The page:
Axelson DA, Birmaher B. Relation between anxiety and depressive disorders in childhood and adolescence. Depress Anxiety. 2001; 14(2) : 67 -78 [PubMed]

  • 21.

    Shores MM, Glubin T, Cowley DS, Dager SR, Roy-Byrne PP, Dunner DL. The relationship between anxiety and depression: a clinical comparison of generalized anxiety disorder, dysthymic disorder, panic disorder, and major depressive disorder. Compr Psychiatry. 1992; 33(4) : 237 -44 [PubMed]

  • 22.

    Shahmansouri N, Farokhnia M, Abbasi SH, Kassaian SE, Noorbala Tafti AA, Gougol A, et al. A randomized, double-blind, clinical trial comparing the efficacy and safety of Crocus sativus L. with fluoxetine for improving mild to moderate depression in post percutaneous coronary intervention patients. J Affect Disord. 2014; 155 : 216 -22 [DOI][PubMed]

  • 23.

    Akhondzadeh S, Fallah-Pour H, Afkham K, Jamshidi AH, Khalighi-Cigaroudi F. Comparison of Crocus sativus L. and imipramine in the treatment of mild to moderate depression: a pilot double-blind randomized trial [ISRCTN45683816]. BMC Complement Altern Med. 2004; 4 : 12 [DOI][PubMed]

  • 24.

    Hosseinzadeh H, Noraei NB. Anxiolytic and hypnotic effect of Crocus sativus aqueous extract and its constituents, crocin and safranal, in mice. Phytother Res. 2009; 23(6) : 768 -74 [DOI][PubMed]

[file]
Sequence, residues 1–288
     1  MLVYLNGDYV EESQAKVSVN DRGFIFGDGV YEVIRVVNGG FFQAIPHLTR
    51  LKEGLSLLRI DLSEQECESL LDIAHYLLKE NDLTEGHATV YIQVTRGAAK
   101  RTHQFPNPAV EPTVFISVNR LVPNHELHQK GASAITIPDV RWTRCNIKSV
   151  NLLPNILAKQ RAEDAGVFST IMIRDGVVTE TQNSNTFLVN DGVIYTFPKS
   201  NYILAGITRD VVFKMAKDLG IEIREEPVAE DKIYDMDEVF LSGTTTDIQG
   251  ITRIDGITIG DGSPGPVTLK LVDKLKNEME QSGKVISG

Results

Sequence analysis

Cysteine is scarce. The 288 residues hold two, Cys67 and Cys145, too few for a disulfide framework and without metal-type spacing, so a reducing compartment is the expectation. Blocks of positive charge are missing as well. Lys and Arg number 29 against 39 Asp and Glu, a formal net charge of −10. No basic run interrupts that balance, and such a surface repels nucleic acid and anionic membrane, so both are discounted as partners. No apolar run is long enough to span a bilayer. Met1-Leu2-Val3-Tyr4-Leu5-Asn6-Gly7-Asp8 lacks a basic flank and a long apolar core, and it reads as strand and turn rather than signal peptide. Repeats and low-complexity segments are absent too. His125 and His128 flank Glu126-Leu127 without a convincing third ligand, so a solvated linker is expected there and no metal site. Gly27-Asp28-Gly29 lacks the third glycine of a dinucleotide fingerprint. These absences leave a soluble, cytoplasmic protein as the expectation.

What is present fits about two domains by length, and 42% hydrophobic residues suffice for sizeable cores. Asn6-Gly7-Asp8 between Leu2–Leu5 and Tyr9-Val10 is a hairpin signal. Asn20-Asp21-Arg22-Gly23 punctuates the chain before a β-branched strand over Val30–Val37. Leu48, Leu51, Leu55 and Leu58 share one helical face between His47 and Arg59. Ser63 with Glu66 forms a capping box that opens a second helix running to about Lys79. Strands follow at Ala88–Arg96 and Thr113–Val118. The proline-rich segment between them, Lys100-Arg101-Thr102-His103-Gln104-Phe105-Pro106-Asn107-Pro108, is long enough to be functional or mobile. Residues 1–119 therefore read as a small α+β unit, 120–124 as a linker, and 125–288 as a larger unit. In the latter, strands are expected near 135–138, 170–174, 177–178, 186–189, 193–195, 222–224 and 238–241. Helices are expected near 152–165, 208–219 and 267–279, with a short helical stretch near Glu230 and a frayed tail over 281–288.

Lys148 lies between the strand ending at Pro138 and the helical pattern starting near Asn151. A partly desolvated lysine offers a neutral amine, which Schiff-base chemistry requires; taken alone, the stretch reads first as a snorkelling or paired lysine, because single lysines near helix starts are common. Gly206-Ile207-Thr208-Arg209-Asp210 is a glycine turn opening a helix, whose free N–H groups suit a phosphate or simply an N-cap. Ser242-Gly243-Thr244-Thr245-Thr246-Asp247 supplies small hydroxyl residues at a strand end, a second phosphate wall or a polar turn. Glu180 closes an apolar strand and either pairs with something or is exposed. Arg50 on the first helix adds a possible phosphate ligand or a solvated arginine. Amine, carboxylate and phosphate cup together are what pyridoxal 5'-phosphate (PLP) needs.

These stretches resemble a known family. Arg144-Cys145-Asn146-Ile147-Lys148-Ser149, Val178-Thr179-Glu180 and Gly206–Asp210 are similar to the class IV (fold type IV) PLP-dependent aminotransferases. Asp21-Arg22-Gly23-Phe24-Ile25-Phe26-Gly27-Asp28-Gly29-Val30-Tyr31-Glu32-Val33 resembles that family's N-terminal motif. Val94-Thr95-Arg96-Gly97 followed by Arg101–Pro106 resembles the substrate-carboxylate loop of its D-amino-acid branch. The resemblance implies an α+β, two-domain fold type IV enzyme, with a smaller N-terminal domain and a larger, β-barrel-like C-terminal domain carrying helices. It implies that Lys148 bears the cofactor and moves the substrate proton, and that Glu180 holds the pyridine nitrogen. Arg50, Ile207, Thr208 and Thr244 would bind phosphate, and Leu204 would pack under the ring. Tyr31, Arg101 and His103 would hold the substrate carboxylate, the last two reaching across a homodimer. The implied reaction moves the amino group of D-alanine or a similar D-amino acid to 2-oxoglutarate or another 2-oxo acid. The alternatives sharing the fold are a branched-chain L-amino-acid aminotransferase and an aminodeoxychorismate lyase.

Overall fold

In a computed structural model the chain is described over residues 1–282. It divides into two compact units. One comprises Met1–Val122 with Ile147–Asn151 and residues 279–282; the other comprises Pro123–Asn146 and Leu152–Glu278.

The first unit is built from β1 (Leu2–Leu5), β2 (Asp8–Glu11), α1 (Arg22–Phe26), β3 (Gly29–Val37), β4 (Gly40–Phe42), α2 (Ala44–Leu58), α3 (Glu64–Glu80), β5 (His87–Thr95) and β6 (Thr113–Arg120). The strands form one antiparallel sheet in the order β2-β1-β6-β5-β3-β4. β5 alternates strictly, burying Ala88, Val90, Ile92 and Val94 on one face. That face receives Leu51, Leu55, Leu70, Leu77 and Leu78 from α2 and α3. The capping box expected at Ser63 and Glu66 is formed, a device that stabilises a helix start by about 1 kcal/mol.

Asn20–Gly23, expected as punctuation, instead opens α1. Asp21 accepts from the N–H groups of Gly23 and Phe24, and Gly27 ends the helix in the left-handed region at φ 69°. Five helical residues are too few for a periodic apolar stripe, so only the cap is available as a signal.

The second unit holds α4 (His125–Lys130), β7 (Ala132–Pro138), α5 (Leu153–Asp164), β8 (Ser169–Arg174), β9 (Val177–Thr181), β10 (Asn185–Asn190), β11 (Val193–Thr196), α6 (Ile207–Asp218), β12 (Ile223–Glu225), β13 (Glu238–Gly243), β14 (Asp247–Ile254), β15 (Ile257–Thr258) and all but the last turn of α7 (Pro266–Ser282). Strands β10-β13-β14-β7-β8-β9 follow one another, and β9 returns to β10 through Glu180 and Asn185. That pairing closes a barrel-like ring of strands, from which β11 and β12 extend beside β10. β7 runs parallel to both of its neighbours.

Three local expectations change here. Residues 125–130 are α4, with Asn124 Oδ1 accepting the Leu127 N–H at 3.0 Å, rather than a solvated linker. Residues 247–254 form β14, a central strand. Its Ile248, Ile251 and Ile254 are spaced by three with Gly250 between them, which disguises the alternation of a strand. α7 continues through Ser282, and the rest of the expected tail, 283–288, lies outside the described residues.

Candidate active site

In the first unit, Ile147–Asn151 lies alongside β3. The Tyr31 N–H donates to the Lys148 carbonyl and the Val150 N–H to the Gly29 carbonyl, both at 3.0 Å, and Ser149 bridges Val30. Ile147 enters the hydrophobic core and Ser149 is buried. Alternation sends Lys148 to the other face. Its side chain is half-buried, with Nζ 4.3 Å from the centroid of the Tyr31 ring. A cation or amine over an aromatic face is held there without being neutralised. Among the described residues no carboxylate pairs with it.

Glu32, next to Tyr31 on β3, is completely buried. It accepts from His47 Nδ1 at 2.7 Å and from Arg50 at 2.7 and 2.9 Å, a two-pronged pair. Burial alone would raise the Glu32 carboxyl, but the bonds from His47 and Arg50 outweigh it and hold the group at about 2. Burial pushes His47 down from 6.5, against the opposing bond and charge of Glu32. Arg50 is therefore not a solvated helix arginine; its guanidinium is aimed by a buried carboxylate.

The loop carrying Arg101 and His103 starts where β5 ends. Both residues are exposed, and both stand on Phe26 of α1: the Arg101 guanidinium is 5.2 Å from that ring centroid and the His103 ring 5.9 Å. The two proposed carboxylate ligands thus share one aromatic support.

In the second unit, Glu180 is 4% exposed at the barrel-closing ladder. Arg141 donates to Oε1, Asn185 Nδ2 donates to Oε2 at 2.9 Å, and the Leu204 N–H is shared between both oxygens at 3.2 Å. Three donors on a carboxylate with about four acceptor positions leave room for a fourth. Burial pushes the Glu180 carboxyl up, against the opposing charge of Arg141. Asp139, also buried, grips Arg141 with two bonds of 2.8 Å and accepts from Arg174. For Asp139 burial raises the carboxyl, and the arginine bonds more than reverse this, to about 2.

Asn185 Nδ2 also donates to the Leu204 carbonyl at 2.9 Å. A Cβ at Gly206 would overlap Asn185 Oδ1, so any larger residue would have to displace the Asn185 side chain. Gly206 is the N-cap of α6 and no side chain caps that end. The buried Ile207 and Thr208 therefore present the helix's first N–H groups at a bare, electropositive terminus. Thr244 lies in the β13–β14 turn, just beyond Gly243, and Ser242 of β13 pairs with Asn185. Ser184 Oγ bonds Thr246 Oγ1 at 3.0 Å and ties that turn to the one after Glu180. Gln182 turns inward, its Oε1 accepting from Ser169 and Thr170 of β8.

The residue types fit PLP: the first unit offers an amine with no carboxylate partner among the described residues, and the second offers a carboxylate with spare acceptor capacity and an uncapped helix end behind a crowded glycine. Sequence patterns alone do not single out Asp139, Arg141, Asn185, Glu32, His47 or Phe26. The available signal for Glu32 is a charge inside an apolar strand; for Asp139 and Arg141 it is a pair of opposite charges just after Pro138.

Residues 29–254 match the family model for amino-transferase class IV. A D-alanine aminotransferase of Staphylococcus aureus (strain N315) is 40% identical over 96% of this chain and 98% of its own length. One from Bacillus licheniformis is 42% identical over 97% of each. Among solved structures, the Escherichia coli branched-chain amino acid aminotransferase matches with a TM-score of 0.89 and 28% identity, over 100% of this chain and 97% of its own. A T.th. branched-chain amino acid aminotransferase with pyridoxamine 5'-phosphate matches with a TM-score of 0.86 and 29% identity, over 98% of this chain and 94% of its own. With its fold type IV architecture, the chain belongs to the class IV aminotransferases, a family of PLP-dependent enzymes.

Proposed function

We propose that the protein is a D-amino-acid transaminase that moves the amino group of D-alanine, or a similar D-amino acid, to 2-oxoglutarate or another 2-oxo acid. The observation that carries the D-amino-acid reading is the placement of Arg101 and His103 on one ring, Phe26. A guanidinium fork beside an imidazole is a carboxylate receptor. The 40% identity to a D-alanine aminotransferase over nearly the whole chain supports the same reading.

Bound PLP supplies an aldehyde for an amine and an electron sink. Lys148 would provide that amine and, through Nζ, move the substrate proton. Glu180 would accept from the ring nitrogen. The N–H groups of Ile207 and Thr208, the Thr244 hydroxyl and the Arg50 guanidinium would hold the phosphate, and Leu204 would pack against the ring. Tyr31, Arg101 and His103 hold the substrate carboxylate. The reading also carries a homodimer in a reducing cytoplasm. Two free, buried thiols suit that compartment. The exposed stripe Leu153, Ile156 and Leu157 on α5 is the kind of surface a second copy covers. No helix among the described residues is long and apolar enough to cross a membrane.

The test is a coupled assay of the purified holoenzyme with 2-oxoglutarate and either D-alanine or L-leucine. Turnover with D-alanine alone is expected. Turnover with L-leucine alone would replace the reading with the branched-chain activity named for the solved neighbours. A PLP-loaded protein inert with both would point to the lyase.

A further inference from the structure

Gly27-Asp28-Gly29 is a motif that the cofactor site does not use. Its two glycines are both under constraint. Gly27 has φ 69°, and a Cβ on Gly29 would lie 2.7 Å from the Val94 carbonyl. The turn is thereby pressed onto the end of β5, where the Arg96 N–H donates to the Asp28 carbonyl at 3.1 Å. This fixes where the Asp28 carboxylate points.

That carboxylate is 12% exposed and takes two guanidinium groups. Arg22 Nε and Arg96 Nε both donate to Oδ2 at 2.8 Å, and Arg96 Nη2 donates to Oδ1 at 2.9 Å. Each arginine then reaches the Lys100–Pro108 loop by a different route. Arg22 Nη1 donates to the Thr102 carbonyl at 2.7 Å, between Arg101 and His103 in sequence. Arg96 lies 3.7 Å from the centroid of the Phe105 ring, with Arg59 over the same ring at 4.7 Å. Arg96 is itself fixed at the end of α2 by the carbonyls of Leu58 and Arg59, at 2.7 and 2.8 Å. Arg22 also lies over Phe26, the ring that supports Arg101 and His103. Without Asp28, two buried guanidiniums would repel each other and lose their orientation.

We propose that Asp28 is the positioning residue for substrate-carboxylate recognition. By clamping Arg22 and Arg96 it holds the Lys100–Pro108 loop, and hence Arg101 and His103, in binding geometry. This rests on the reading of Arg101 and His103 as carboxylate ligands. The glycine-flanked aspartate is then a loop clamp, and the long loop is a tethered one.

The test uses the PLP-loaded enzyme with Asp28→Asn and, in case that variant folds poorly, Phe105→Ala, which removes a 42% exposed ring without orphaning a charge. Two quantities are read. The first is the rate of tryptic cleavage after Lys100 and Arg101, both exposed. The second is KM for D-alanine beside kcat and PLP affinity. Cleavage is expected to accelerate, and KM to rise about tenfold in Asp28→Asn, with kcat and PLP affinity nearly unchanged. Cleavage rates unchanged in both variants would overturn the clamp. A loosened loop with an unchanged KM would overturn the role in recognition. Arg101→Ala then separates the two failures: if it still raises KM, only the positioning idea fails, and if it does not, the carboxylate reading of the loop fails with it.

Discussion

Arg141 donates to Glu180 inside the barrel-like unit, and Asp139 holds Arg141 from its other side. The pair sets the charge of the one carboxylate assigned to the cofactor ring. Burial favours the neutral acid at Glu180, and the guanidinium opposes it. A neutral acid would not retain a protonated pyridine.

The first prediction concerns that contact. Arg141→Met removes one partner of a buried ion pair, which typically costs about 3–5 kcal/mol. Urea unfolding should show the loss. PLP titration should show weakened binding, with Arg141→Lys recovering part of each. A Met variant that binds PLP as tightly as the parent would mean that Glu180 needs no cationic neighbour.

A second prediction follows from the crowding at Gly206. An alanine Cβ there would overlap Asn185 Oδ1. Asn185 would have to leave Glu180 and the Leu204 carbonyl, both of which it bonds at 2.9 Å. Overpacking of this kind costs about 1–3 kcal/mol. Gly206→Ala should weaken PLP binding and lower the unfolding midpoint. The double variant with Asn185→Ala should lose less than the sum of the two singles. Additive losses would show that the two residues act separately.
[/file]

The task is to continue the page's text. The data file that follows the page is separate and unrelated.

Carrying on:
• 25.

    Pitsikas N, Boultadakis A, Georgiadou G, Tarantilis PA, Sakellaridis N. Effects of the active constituents of Crocus sativus L., crocins, in an animal model of anxiety. Phytomedicine. 2008; 15(12) : 1135 -9 [DOI][PubMed]

  • 26.

    Abdullaev FI. Cancer chemopreventive and tumoricidal properties of saffron (Crocus sativus L.). Exp Biol Med (Maywood). 2002; 227(1) : 20 -5 [PubMed]

  • 27.

    Tarantilis PA, Polissiou MG. Isolation and identification of the aroma components from saffron (Crocus sativus). J Agric Food Chem. 1997; 45(2) : 459 -62 [DOI]

  • 28.

    Lechtenberg M, Schepmann D, Niehues M, Hellenbrand N, Wunsch B, Hensel A. Quality and functionality of saffron: quality control, species assortment and affinity of extract and isolated saffron compounds to NMDA and sigma1 (sigma-1) receptors. Planta Med. 2008; 74(7) : 764 -72 [DOI][PubMed]

  • 29.

    Kianbakht S. A systematic review on pharmacology of saffron and its active constituents. J Med Plants. 2008; 7(28) : 1 -27

  • Copyright © 2016, Zahedan University of Medical Sciences. This is an open-access article distributed under the terms of the Creative Commons Attribution-NonCommercial 4.0 International License ( which permits copy and redistribute the material just in noncommercial usages, provided the original work is properly cited.